We are excited to follow along with The Natural History Museum of Zimbabwe as it continues its biodiversity field surveys in Zimbabwe’s Limpopo region. Shiela Broadley and her team commenced their grant field research in February 2023 and we are pleased to highlight the continuing successes from the second survey that began on on 22nd May. The 10-day survey began by setting pitfall traps in the Mopane woodland and palm tree area and active searching started producing some worm snakes that had not been collected on the first trip conducted in February.
Worm Snakes collected on the second field survey (photo/Shiela Broadley)
The chamaeleon (Chamaeleo dilepis) in the photo above, was the first observed reptile of this second expedition. (photo/Shiela Broadley)
The survey moved to the Border Ridge Estate, detecting the following genera: Monopeltis , Zygaspis, and Leptotyphlops, all found by surveying areas behind a road grader that was being used to repair one of the access roads into an area dominated by palms. This collection method was highly productive in detecting cryptic species which are usually difficult to find in other conventional methods.
The field team also revisited Nottingham Estate, encountering the Variable Skink (Trachylepis varia), Rainbow Skink (Trachylepis margaritifera). and a Two-horned Adder (Bitis caudalis). In addition to field work, the team also scheduled time to meet with school children, distributing informational flyers and informal talks on local snakes and lizards.
Nottingham school children with informational flyers. (photo/Shiela Broadley)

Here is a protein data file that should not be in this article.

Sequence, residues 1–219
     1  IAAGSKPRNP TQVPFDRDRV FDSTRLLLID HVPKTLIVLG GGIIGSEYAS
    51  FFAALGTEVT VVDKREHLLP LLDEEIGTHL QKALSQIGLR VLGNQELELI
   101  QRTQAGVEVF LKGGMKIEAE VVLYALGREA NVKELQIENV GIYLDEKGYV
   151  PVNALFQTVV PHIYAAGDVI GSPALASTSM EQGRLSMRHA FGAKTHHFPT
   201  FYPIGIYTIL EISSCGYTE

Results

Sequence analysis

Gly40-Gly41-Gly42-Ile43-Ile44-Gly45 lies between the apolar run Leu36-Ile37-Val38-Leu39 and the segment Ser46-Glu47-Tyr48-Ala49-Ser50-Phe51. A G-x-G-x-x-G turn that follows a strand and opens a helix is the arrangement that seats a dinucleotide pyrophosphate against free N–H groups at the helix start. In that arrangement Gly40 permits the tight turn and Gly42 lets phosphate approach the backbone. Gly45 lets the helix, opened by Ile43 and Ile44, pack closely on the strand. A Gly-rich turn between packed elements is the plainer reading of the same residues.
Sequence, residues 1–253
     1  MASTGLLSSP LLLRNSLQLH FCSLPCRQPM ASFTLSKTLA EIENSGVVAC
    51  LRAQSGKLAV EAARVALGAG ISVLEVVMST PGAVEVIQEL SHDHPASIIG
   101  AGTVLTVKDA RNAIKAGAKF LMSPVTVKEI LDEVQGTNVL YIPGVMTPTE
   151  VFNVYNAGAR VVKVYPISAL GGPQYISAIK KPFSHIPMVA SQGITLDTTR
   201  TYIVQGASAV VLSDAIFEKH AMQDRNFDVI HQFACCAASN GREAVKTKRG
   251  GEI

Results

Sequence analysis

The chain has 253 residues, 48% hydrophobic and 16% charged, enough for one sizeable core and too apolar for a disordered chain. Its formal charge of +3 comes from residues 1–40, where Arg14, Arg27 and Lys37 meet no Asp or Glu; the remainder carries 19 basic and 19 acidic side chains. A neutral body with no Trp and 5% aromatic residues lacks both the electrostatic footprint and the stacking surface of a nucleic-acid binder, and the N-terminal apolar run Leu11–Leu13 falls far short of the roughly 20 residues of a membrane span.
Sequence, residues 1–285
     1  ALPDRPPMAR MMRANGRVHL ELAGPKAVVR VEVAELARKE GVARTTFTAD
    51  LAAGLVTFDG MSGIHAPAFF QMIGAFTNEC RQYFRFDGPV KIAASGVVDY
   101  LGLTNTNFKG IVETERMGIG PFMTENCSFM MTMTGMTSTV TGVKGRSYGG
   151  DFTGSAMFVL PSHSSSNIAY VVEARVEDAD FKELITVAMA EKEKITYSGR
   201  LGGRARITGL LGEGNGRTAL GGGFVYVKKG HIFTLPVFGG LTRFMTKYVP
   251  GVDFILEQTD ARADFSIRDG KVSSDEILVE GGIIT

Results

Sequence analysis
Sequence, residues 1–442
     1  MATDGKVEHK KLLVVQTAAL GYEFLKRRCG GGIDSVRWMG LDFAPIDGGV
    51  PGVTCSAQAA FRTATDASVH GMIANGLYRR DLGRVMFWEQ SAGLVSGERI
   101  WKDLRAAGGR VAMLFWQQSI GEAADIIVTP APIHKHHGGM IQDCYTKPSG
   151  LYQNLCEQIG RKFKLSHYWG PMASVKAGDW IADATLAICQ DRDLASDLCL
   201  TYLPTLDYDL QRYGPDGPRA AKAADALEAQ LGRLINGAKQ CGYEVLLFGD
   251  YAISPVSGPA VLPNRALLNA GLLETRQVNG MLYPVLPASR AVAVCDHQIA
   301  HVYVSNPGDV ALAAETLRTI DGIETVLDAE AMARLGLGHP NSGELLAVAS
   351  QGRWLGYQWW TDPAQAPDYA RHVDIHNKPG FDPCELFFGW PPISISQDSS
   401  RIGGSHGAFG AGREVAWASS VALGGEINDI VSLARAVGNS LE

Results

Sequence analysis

We hope to highlight another successful survey as Shiela Broadley and her team prepare for their third expedition later this year.
Read more about The Natural History Museum of Zimbabwe‘s first field research expedition below:
The Natural History Museum of Zimbabwe recently carried out a ten day field research expedition during the local rainy season in the southern part of the country. This new JRS grant supports field work for accurate mapping of herpetofauna diversity data, the production of field guides and species occurrence publications as well as training and education in Zimbabwe. Led by Project Director Shiela Broadley, the field team included museum staff and university students, who worked near the Limpopo River in the area of Border Ridge/Sentinel and Nottingham Estates. The rains and high rivers made survey research challenging but ultimately the team was able to collect and prepare many specimens for the museum collection.
In addition to carrying out surveys and specimen collection, the team visited school children at the Nottingham Junior School to discuss biodiversity and explain the field survey work. Several children participated in digging holes for pitfall traps and were taught how to monitor then during the visit.
Read more about the Dambari Wildlife Trust & Natural History Museum of Zimbabwe grant Zimbabwe Herpetofauna Data: Mobilizing Data for Mapping Biodiversity Distribution, for Climate Change and Conservation Strategies.